Why you should ALWAYS price check before buying anything on Amazon
I’ll be the first to admit it: the convenience of buying things on Amazon has led me to make some pretty poor financial decisions.
As an Amazon Prime member, the fact that I can get almost anything delivered to my front door in two days or less had made me especially vulnerable to the siren’s call of the impulse buy. Whether it’s a new hairdryer, vacuum or a birthday present for my mom, everything is just one click and two days away from being mine. And because it’s so easy to buy stuff on Amazon, I often end up spending more on items I could get for MUCH less elsewhere — if I ever bothered to do my homework before pressing the checkout button.
Don’t get me wrong, Amazon has some terrific deals, but that doesn’t mean that all of their prices are fair. In fact, there are entire (totally legal) multi-million dollar businesses devoted to buying things at stores like Target, Toys R Us and Walmart and reselling them on Amazon and eBay for a premium. Sometimes it’s subtle — just a few dollars more than what you’d pay at the store, but sometimes, especially around the holidays, the prices can rise to insane levels, and if you’re too lazy to price check, you can get seriously ripped off.
The NPR podcast Planet Money did an entire episode on this practice last year, and when I heard it, I realized that if I, a Brad’s Deals employee who is thoroughly trained in the art of finding the best possible price, was falling victim to these sorts of schemes, the general public didn’t stand a chance. So here’s my guide to how (and why) you should go about price checking your Amazon purchases.
Don’t try and rationalize a price that seems excessive.
Let’s say I want to buy a birthday present for my 10-year-old nephew, an Avengers enthusiast who’s beaten me at Monopoly more times than I’d like to admit. While trolling Amazon, I come across the PERFECT present: Avengers Monopoly! It’s listed at $39.99, plus a $4.49 shipping fee, which does seem high, but hey! It’s a special edition so it’s bound to be a little pricey, right?
WRONG. So, so wrong. According to the Planet Money podcast, people who make a living off this kind of legal price gouging actively search retail stores for unique-looking items like this to flip online for a major profit. They can’t do this with regular Monopoly because most people have a general idea of how much that should be, but with so-called “specialty” items like, say, Avengers Monopoly, they bank on the fact that potential buyers will assume the item is rare, and thus worth the price. In reality, though…
A quick Google Shopping search can save you big time.
Instead of hitting “Add to Cart” without a second thought like I normally would, let’s put some of my deal-sniffing skills to work, shall we? Copy and paste “Avengers Monopoly” into Google, then click on the “Shopping” tab located below the search bar. This is the first listing:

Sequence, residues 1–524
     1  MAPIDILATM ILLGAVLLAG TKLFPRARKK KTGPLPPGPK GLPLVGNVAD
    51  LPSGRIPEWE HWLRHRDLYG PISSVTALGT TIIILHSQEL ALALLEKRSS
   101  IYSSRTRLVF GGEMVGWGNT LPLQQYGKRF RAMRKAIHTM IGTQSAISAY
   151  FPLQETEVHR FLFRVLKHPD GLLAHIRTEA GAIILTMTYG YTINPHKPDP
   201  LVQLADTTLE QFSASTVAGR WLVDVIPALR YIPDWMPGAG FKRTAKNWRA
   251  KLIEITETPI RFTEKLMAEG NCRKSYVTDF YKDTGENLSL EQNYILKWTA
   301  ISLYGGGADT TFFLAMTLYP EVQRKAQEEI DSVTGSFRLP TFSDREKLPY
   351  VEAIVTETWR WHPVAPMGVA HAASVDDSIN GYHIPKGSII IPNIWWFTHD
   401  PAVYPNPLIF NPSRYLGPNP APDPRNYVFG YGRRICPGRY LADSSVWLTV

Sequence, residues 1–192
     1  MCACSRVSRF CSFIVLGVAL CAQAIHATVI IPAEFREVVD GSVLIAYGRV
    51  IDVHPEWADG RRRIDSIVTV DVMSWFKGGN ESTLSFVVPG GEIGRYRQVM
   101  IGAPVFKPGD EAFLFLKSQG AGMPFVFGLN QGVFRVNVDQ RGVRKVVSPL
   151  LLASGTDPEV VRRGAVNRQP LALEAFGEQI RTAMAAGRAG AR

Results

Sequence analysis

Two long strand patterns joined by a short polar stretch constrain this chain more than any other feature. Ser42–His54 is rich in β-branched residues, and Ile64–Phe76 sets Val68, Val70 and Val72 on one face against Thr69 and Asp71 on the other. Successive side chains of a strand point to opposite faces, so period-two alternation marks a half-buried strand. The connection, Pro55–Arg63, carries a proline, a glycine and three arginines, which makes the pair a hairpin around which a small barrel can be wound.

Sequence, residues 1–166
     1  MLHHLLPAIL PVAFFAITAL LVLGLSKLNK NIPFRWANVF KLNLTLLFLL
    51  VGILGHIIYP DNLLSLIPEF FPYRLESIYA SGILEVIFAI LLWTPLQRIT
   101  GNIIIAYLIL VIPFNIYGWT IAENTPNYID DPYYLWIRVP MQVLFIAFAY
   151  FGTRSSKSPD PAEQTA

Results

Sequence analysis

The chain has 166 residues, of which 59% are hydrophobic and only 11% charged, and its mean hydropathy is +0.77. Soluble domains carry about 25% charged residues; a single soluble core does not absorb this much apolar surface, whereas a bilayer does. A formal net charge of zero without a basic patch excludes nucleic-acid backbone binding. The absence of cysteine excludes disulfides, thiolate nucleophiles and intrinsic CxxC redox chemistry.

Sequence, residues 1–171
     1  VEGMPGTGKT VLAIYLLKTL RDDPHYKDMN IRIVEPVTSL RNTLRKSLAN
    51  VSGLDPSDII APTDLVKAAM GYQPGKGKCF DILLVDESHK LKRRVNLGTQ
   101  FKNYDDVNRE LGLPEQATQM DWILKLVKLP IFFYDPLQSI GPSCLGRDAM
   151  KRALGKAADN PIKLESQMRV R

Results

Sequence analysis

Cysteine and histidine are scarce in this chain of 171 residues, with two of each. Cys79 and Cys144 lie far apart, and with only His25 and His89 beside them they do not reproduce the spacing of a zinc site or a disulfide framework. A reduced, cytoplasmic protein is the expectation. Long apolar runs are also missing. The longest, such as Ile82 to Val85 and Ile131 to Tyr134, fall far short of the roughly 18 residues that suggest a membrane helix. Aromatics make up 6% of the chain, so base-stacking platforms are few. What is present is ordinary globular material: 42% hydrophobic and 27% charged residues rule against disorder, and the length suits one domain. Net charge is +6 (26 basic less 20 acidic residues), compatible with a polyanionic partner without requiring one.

The same game is going for $9.97 at GameStop, and even with the $1.20 tax and $4.99 shipping fee (which can be bypassed if you spend more than $25 online or just shop in-store), this is a far cry from the $39.99 Amazon price tag.
Check the seller
This is a pretty obvious up-sell, but it’s not Amazon’s fault. Notice how it says “Ships and sold by AbsoluteBestValues” below the price? That means the seller isn’t Amazon, it’s a company called AbsoluteBestValues. Amazon actually does sell Avengers Monopoly directly, and lo and behold, they’re pricing it at $18.99 (which is still excessive compared to the $9.99 price tag at other retailers). If you come across an item you want to buy on Amazon, always take a look at where, exactly, it’s coming from. Your best bet is to buy directly from Amazon or officially sanctioned brand stores.
I can’t say for sure whetherAbsoluteBestValues is in fact the kind of company outlined in the Planet Money podcast, but a quick glance at their inventory leads me to believe it probably is:
All of these products are being sold for significantly more than their retail cost. Want a KitchenAid Slicer/Shredder attachment for your mixer? You can either buy it from AbsoluteBestValues for $73.04, or from Bed, Bath & Beyond for $39.99. How about the Melissa & Doug School Time Classroom Playset? Why spend $32.48 on something you can get for $20 at Walmart and Target? The list goes on, and the message is clear: buying something on Amazon — especially from a seller you don’t recognize — without double checking whether the price is right is a big mistake.
If you don’t feel like doing your homework, Brad’s Deals will do it for you.
I know, if you’re a big online shopper, doing in-depth research on every tempting item you come across is a bit of a hassle. Luckily, Brad’s Deals is a thing, and when you shop with us, you’re getting the best prices on the internet — always.
Have you ever found something being sold online for way more than it’s worth? Drop us a note in the comments!